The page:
I've got a book in my hand called Fallen Women, Problem Girls: Unmarried Mothers and the Professionalization of Social Work 1890 to 1945 written by an American academic named Regina G. Kenzel. It's not a Christian book; it was published by Yale University and it seems to me she is a feminist unbeliever. But she's written a very interesting parallel to our issue of the Indigenous Australians—that is, what happens to unmarried mothers? Well, in the 1890s and the first couple of decades of the 20th century, the only people who cared for the unmarried mothers–in the sense of actually doing anything about it–were Christians. The Christians set up homes for unmarried mothers to help them in the confinement. Not only that, they helped them in the early days of breastfeeding and of having the baby and in giving them job training and in finding positions for them where they could continue to live as single mothers looking after their own children. That was happening for the 1890s through 1920-1930s. 

Now, the title of this book also says something else: the professionalization of social work. From the 1920s onwards, social work became an academic phenomenon with professional standards and status. Up until then, it was mostly generosity or charitable work, so to speak. But now it became a profession where you got a degree and you had to have status. And therefore you had to have scientific investigations as to the best ways to treat people under different circumstances. But of course, social science is not very scientific. By the 1940s, it had been determined by the professional social workers that these dear old ladies, in the generosity of Christian work, had failed to produce the best practice for unmarried mothers. The best practice for unmarried mothers from the middle of the 20th century was to take their babies from them as soon as they were born and give mothers as little contact with the baby as possible, and they would adopt the babies out elsewhere. But of course, the only homes for unmarried mothers were Christian homes, and the Christians running the Christian homes were persuaded by the professionalism of social work to do best practice: take the babies from their mothers before any bonding could have happened, which, of course, we now know is ridiculous. The bonding happens in utero before the baby's born. It was devastating to the young women, it was unhelpful to the babies. Sure, you can see good things: children are adopted, and that was to their benefit. But now we are horrified by this whole process. And now, these homes are attacked for doing such a wicked thing as taking babies away from their mothers.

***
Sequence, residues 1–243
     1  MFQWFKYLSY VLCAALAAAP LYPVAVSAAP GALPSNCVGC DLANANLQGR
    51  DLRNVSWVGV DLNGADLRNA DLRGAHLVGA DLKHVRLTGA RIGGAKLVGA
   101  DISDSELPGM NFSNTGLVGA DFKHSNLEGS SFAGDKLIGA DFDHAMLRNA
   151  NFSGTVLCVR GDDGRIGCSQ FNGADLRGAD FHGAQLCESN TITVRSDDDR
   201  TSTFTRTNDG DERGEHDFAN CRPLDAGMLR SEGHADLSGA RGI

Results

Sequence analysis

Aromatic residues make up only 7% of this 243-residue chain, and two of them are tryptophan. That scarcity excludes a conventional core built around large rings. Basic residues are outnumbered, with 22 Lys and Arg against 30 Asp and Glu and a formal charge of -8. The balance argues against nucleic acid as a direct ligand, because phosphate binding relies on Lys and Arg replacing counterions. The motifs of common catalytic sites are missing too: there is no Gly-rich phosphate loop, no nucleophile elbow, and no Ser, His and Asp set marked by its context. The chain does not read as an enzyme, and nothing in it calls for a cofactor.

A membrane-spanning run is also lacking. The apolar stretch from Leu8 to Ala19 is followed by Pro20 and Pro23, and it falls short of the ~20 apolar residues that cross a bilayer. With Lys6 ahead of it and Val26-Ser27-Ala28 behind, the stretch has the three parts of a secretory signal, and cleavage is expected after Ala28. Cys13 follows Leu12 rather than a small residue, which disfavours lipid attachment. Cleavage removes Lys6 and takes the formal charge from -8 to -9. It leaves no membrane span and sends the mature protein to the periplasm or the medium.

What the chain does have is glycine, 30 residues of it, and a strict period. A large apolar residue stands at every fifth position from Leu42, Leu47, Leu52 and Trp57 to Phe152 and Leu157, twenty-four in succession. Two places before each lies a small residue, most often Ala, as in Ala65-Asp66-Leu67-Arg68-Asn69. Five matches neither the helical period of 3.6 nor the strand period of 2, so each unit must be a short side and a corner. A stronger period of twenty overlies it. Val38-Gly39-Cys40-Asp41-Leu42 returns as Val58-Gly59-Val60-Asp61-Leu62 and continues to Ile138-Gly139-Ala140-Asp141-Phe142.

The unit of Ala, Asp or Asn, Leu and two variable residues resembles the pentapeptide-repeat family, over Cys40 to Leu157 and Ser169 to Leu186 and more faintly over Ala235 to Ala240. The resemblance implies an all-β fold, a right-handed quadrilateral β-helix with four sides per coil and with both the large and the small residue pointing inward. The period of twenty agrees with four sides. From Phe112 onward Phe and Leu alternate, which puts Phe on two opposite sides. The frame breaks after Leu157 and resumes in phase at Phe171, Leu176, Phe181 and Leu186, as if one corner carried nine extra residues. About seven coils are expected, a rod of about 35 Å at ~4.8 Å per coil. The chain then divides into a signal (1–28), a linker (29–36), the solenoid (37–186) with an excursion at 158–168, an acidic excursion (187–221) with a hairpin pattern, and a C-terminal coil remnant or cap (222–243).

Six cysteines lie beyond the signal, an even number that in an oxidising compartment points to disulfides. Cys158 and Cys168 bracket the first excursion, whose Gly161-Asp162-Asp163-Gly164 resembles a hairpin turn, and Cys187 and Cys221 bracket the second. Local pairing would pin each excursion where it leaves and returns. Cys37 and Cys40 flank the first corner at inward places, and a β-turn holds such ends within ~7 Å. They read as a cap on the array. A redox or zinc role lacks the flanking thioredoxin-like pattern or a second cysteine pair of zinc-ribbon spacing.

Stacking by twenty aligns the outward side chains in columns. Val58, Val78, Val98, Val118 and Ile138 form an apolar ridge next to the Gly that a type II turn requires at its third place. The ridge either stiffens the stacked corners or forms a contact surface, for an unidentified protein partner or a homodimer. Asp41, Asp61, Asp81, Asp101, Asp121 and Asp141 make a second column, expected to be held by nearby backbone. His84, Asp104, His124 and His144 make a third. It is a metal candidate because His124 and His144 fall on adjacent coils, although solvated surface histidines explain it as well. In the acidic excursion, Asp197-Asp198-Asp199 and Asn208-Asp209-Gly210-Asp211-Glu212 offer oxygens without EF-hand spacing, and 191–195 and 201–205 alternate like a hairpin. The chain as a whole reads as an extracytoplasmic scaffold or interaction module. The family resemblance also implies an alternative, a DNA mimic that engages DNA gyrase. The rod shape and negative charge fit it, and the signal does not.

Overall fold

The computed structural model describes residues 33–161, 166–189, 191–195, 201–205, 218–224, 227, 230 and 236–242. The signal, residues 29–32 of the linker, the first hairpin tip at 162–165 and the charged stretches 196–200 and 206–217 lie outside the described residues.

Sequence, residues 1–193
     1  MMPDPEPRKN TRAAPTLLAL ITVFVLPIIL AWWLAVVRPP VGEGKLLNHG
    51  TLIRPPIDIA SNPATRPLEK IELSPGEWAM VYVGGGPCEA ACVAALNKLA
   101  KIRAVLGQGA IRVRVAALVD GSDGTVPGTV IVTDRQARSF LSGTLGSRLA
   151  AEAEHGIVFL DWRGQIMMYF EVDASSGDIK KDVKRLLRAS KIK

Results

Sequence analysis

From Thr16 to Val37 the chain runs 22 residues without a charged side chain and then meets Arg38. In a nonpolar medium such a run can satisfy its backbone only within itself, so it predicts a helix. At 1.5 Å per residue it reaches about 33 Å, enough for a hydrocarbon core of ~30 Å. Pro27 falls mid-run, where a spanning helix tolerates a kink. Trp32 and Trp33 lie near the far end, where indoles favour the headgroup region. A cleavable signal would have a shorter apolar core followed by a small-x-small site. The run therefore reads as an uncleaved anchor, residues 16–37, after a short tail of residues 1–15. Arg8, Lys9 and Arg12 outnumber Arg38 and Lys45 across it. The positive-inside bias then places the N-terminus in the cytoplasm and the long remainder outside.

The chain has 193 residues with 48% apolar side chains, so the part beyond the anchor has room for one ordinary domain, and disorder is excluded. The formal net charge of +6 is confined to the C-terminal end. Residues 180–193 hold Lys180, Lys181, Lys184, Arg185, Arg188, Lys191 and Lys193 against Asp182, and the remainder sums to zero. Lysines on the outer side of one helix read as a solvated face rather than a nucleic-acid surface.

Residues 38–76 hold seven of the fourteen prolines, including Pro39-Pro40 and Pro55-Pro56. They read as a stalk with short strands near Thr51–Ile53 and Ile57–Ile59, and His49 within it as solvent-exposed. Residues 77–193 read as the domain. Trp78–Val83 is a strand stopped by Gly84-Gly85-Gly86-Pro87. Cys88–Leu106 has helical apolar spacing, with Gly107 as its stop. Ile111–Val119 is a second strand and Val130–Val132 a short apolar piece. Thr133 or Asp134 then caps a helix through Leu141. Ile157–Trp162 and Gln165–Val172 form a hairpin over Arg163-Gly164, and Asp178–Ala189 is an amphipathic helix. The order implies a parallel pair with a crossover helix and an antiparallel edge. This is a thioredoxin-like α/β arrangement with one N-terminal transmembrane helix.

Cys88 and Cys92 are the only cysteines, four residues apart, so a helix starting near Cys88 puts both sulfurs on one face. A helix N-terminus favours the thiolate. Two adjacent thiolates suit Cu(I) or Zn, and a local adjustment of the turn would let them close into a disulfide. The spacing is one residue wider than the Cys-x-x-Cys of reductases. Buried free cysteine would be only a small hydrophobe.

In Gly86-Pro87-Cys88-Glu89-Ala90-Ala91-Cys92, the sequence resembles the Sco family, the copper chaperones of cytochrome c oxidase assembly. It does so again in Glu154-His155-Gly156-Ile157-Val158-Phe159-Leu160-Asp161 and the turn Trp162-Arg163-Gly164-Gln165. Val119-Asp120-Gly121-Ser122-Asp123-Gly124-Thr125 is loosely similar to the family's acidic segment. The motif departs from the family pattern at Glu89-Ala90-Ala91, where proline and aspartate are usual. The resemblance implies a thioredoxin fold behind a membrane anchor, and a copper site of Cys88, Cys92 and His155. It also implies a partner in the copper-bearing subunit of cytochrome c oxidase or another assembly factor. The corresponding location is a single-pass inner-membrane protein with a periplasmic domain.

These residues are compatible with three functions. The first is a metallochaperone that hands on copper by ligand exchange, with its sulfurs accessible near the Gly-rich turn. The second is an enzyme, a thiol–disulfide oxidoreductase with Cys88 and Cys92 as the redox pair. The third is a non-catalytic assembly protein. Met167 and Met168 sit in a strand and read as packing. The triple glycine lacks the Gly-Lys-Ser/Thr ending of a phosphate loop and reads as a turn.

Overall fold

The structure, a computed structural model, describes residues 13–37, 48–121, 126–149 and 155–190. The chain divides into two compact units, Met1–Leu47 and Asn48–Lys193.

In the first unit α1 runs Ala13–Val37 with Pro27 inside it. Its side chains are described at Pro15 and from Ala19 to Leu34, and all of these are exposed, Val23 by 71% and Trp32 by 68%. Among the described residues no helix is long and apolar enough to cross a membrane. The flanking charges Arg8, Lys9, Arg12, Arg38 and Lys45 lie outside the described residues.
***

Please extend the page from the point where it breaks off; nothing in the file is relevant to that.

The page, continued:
TP: I've seen a few movies and TV shows that have delved into this narrative and the horror of these nasty Christian homes that callously snatched the babies from their mothers, because of the immorality of of unwed mothers, and so on. They play it up big time.

PJ: Yes, but it was secularist social work professionals who did it.

TP: So those who drove the ‘best practice’ policy were the smart secular people at the time. And the Christians went along with it. 

PJ: And became complicit. 

TP: Yes, in much the same way.

PJ: But it was not what we set out to do. We got conned by social science into thinking the world knew better than we did as to what to do. That's an interesting parallel. 

TP: It's also because humanity is something you can't put in a test tube or run an experiment on because humans and human society are incredibly complex. You see this once you start all the intricate web of interrelations in relationships and the effects we have on one another, the values we have, the things we do, the way our hearts move us or don't move us, our imperfections, our glories, our terrible mistakes. Humans and human culture and human interactions are fabulously, almost infinitely complex. And so to think that we can comprehend what is going to be a predictable set of policies that will always work with people and then declare that to be best practice—that just fails to understand what the Bible says about the incredible complexity of and bigness of the universe and of humanity, and the inability and smallness of the human mind to comprehend it.

PJ: And that's why it's so important to make policies at the local ground level rather than in the capital of the state or the capital of the nation. 

TP: The technical term for that is ‘subsidiarity’. I think that's what the political philosophers call it—the idea that the closer you get to the local environment, the better equipped people are to make decisions about things that directly affect them.

But drawing this together,  what does it all mean for the way we as Christians relate to and interact with the policies, thought patterns and trends of contemporary society and social science?

PJ: I don't need a degree in the humanities to have read the book of Proverbs, which tells that there is wisdom to be found in this world. There is real wisdom to be discovered by carefully observing the world and how it works—and so the book of Proverbs also gives us some proverbs that you can find in Egyptian writings as well. 

TP: So for example, you should plant your crops first, then build your house, as the proverb says, because you should secure your source of income before you start sinking capital into something. If you do it the other way around, it's not going to work. That’s something you could learn just from experience and observation.